Spend Time, Find References
During the process one should visit as many assisted living facilities as possible to compare and contrast. Spend as much time as possible soaking in all of the amenities of the facility. If possible, one should attend a networking or social event at the assisted living home to get a fuller understanding of the feel of the community. In addition, community events allow visitors to interact with other seniors and ask them firsthand how they like the facility. Word of mouth is one of the best referrals you can receive; compare this information to research on the Internet.
Once you have toured a few facilities, make your first, second, and third choices. Many assisted living homes have waiting lists, put your name on a waiting lists as soon as you can. It can’t hurt to have the senior’s name on multiple waiting lists, it actually helps increase the chance a place will have a spot sooner. Few facilities require a contract or lease, yet moving is always unpleasant. If the preferred facilities have extensive waiting lists, seniors may choose temporary housing until a place is available. Make sure to ask about any fees, deposits, or policies regarding move-in.
Check Your Finances
Just as other healthcare services are expensive, assisted living homes also have notable costs. Before making the final decision, you need to know what you can afford. Take a good look at your savings and retirement accounts to project how long the money will last should you select a particular home. Prices for assisted living can vary greatly depending on the facility. Health insurance coverage also varies depending on the facility and Medicare rarely provides assistance. Most often higher-end facilities do not take health insurance, while some of the lower-end facilities may accept some forms. Medicaid services can help low-income seniors, some may discover the qualify for assistance after selling assets in the move.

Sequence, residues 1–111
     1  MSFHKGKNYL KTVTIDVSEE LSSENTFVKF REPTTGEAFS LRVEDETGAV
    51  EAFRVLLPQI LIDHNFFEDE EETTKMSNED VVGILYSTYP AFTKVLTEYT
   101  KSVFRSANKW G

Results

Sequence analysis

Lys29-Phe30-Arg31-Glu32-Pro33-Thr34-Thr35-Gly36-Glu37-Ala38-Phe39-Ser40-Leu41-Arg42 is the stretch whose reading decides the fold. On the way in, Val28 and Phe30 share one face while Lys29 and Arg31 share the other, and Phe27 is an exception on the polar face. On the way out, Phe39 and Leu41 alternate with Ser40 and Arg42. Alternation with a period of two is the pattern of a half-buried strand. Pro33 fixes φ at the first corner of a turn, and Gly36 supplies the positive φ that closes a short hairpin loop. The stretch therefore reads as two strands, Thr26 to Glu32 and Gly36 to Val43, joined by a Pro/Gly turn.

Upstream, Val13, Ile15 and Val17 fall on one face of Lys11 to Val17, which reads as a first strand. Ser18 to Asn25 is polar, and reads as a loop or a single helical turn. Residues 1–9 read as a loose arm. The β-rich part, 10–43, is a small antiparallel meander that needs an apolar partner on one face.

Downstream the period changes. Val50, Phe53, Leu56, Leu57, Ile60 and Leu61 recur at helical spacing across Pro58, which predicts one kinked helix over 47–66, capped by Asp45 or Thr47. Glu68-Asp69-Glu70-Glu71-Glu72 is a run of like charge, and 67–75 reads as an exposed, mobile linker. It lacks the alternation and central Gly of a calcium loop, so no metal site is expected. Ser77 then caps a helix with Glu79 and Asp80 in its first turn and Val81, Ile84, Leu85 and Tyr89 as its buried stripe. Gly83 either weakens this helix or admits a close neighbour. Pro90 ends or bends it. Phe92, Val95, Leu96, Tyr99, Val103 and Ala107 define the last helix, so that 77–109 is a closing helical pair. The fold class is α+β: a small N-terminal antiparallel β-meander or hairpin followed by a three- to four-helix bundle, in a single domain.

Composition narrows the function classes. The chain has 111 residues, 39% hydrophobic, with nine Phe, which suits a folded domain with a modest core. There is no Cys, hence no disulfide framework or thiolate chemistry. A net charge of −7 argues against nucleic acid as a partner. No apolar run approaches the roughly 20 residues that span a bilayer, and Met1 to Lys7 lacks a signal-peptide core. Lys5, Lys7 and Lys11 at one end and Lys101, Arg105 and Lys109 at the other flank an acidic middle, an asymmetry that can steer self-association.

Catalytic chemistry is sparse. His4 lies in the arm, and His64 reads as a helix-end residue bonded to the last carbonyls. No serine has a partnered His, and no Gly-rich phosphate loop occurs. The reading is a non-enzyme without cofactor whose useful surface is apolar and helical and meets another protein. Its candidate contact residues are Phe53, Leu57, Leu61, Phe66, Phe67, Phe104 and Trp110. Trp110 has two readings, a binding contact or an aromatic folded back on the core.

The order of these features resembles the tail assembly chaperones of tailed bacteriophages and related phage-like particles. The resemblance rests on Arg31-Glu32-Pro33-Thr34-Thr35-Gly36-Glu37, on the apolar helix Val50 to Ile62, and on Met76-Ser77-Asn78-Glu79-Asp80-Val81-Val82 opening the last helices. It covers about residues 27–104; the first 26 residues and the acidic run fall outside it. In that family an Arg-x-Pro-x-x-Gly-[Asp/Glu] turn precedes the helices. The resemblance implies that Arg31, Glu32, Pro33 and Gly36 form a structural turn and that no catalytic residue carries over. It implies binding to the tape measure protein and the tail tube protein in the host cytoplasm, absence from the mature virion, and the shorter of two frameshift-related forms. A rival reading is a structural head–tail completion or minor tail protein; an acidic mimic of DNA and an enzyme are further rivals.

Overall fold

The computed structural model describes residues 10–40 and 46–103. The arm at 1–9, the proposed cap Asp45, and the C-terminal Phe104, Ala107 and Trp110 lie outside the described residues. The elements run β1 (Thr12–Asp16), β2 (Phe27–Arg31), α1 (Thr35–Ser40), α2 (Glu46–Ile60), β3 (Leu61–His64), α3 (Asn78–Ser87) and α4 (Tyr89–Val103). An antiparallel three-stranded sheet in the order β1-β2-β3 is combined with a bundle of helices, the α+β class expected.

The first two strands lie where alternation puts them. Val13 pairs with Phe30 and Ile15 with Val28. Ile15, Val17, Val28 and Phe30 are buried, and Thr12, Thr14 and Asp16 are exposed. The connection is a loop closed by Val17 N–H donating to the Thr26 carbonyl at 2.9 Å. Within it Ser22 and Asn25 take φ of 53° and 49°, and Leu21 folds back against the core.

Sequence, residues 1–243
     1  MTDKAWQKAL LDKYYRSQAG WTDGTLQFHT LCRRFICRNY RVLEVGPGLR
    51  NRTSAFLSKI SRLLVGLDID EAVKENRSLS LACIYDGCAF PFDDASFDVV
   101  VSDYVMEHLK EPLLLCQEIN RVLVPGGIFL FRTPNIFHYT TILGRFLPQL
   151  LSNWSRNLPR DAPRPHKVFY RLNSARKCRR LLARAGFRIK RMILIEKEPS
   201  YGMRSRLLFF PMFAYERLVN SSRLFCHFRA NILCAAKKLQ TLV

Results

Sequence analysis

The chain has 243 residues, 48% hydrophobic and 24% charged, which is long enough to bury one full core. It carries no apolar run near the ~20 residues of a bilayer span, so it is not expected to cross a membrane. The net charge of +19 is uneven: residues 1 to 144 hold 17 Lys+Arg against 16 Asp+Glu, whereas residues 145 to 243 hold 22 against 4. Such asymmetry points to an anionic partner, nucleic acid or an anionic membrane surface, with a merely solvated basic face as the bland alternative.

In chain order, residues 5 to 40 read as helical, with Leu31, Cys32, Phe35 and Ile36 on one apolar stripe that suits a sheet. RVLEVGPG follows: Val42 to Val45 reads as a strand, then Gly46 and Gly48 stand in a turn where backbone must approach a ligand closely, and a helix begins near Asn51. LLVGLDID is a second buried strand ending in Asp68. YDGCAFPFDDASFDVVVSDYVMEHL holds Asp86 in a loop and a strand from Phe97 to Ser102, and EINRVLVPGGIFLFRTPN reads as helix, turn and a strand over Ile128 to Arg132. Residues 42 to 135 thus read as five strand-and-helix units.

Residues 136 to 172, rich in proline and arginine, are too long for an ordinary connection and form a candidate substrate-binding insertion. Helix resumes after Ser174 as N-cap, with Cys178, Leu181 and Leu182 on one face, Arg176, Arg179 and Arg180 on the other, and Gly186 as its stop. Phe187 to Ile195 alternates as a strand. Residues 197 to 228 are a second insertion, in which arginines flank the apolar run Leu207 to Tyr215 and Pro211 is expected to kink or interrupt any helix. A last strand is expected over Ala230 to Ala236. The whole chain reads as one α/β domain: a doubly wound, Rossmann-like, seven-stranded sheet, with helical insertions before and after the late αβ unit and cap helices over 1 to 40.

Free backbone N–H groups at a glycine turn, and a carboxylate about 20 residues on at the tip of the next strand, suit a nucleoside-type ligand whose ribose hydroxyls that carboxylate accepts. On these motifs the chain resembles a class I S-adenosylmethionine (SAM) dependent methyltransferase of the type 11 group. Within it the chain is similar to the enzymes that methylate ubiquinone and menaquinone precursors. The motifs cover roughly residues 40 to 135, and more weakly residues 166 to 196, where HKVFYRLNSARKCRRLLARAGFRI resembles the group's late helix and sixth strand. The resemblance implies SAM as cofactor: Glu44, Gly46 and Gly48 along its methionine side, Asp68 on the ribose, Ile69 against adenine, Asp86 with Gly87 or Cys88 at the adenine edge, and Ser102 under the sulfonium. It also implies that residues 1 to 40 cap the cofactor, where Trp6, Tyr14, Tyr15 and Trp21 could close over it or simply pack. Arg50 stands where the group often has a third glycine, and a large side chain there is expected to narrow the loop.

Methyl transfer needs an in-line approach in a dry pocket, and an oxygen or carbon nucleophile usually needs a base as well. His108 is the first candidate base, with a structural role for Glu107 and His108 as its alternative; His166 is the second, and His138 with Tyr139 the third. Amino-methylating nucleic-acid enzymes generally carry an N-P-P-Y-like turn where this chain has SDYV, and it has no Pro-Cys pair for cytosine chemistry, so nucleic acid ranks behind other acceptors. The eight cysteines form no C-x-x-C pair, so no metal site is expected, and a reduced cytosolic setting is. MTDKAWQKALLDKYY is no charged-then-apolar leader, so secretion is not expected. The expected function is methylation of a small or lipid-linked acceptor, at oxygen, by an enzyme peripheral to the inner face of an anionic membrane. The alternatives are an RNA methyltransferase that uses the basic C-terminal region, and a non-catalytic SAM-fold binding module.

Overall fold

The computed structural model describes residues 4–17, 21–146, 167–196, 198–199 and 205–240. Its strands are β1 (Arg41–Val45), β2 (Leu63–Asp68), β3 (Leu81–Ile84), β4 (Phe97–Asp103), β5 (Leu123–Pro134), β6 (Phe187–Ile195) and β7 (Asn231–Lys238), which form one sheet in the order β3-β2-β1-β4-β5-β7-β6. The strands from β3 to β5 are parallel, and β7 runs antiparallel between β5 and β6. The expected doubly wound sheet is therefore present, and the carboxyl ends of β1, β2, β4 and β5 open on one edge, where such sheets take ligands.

Start a New Life
Once one has made a decision and space has freed up at the preferred facility, it’s time to make the move. Downsizing can be the most painful step in starting a new life, make sure to include the entire family for assistance and support. Upon settling into your new assisted living home, it’s important to try to interact with the community as much as possible. Many seniors live in these communities not only for assistance but as a way of socializing with peers. It’s important not to hold back, stay open-minded and you are sure to make new friends!
Follow these simple recommendations for an easy adjustment to a exciting new chapter of life!
About the Author: Victoria K. Stickley is a copywriter, editor, and senior content manager based in the Dallas area. Her graduate education in counseling and research has helped immensely in her writing as well as the care she provides for her grandparents. She currently provides support and resources to senior care websites as she learns and experiences senior care first-hand.